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• Juncos Hollinger Racing’s impressive opening to its season took a step back at Long Beach and again, slightly, at Barber, and it wasn’t a coincidence as the team’s ace technical director Yves Touron was away for both races while tending to more important personal matters. The team’s strong start to the championship slowed once Touron was away, but he should be back in full force sometime soon. If there’s an award for the most underrated engineering mind in IndyCar, it belongs to the Frenchman.
• Reigning champion Will Power has been a vision of consistency, just as he was on the way to securing the IndyCar title last year. The difference, however, is where that consistency has been delivered. Power’s championship was earned through living on or near the podium with the No. 12 Chevy, and even though he only won one race, it was the capturing of big points at the other rounds where he outran rivals who won as many as five races in 2022. Over last year’s first four races, Power finished P3-P4-P4-P4 and went into the Indy GP fourth in points. Across 2023’s three opening races, Power went P7-P16-P6, which wasn’t bad, but wasn’t going to produce another championship as he arrived at Barber in ninth. Thanks to that charging finish to the Alabama race that netted P3, Power’s up to seventh in the standings, but he can’t afford to fall out of that podium groove if he wants to defend his title. Barber was a corrective result, and it needs to be the first of many or his hopes of going back to back will fade.
• On a related Power topic, IndyCar’s all-time pole winner, who earned five poles in 2022, hasn’t been close to capturing his first of 2023. This, too, would not have been predicted prior to the season; his best start so far is eighth at Texas and worst is 19th at Barber. Strange.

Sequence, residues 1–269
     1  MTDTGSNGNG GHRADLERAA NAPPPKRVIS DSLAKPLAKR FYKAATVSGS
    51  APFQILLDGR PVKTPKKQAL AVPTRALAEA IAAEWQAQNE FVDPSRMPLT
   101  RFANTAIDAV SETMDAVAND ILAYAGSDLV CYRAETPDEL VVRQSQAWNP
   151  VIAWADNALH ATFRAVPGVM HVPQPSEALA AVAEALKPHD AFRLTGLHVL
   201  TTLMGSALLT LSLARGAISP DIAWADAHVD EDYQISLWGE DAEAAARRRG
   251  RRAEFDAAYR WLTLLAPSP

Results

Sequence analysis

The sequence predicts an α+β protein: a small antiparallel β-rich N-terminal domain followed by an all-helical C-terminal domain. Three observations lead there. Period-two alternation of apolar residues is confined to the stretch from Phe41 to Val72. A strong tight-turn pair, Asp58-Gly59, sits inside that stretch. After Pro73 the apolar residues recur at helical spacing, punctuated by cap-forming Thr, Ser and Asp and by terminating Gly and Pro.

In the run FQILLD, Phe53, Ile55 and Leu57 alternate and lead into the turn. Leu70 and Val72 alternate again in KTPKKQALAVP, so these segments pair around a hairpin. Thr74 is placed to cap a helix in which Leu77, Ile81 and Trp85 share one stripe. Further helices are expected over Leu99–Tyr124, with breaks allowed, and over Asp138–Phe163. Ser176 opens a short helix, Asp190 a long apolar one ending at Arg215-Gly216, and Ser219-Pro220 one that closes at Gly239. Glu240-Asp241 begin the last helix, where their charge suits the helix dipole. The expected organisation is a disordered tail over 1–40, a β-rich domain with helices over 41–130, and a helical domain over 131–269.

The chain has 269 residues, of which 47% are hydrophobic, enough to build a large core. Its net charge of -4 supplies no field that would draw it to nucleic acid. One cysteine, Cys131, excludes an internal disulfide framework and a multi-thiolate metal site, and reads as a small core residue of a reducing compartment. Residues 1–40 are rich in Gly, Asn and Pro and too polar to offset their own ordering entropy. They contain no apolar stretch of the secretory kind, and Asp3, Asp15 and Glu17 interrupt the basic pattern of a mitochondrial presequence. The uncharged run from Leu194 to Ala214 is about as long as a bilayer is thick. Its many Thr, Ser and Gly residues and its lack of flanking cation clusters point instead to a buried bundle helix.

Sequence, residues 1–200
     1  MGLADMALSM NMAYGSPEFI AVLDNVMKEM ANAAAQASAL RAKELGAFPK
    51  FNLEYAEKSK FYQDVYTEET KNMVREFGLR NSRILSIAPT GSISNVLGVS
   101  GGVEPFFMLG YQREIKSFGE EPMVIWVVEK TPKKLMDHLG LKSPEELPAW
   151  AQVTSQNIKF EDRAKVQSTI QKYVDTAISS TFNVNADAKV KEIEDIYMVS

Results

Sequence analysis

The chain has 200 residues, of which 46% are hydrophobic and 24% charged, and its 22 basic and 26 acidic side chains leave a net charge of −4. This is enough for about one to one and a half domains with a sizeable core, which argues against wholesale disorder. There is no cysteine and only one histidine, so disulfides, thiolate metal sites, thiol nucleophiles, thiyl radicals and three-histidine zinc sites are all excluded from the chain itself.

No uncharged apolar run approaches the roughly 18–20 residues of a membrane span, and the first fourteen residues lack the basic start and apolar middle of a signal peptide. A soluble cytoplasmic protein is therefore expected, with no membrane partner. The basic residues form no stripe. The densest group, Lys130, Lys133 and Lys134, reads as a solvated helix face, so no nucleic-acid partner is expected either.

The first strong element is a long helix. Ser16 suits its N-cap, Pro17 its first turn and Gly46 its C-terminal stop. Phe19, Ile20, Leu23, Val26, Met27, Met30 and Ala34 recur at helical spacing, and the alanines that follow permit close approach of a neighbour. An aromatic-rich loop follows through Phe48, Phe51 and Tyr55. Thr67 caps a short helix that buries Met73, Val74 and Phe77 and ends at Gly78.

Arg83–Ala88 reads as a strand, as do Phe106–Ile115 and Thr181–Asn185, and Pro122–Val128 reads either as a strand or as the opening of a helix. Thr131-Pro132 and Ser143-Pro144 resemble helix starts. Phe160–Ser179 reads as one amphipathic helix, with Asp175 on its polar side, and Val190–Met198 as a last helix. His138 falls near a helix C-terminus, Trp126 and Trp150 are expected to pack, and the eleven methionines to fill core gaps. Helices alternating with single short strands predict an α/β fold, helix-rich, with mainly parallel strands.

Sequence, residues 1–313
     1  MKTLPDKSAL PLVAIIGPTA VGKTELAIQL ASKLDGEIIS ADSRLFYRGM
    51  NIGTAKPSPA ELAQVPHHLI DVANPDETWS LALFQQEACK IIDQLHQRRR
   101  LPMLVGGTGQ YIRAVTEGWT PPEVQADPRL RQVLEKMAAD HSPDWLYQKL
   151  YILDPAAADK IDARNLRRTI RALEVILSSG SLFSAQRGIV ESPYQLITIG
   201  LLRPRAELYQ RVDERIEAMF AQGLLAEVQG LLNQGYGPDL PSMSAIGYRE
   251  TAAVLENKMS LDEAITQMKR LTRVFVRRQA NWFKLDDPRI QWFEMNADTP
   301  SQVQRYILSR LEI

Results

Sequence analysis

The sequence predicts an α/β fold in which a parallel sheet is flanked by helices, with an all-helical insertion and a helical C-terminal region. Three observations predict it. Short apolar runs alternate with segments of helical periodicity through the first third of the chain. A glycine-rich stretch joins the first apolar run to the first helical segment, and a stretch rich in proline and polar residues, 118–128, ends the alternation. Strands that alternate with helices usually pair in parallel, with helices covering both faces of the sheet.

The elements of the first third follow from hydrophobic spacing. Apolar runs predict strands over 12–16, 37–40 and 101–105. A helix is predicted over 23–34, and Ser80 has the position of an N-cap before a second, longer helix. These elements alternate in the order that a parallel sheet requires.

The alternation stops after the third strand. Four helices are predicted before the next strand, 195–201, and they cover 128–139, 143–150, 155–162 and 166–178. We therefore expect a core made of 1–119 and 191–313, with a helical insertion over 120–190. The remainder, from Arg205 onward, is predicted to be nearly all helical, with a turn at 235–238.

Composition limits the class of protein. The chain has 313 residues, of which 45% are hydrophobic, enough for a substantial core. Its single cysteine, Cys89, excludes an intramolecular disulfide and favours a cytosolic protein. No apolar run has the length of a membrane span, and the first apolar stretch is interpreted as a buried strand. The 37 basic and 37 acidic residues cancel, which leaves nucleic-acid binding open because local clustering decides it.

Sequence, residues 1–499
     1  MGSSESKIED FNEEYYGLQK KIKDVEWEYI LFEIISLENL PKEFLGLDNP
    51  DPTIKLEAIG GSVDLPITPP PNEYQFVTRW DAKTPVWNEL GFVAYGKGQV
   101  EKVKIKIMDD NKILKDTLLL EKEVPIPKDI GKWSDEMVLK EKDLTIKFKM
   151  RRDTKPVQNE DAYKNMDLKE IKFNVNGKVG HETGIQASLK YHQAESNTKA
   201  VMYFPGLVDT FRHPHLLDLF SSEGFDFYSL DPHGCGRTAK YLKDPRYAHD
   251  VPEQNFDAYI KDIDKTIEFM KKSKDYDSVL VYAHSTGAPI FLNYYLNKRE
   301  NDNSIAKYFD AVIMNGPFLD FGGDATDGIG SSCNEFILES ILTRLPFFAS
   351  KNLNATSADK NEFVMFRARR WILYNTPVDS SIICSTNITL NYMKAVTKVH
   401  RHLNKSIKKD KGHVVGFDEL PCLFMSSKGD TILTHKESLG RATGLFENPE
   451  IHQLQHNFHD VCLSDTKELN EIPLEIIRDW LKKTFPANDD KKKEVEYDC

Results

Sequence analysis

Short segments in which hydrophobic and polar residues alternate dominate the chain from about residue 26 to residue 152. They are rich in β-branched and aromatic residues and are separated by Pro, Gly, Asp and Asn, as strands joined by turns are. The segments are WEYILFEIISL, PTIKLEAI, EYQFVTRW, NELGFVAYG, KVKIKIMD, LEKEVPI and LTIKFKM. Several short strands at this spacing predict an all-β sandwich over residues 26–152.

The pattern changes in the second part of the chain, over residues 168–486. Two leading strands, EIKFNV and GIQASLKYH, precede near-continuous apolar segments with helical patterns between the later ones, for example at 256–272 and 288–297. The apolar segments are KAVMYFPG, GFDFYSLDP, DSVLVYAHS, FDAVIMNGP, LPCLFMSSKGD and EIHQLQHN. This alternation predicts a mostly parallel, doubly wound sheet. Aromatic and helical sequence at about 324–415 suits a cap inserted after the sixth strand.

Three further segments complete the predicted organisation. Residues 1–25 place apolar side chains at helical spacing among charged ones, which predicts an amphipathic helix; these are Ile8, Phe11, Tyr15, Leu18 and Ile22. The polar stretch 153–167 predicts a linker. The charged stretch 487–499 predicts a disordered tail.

• It’s a good thing Christian Lundgaard’s under contract with RLL for next season. If he was a free agent, Lundgaard would be fielding offers from half the grid. Separate from its youngest driver, who’s P12 in the championship, the organizations is in a crucial phase of the season where another slow start has everyone on edge. Graham Rahal (P16) and Jack Harvey (P23) are at a tipping point where a good month can rewrite the trajectories of their year and a bad month could lead to some swift changes.
• Devlin DeFrancesco made good strides in the latter half of his rookie season. The start to his sophomore year has shown small glimpses of progress, but those moments have been mostly reserved for practice sessions. In the races, however, DeFrancesco’s been stuck in a nightmare. Presently last in the championship standings entering the month of May, things can only improve for the kind Canadian. Andretti’s resurgence with its other three drivers spread between fifth and 10th in the standings has only magnified DeFrancesco’s unfortunate grip on 27th.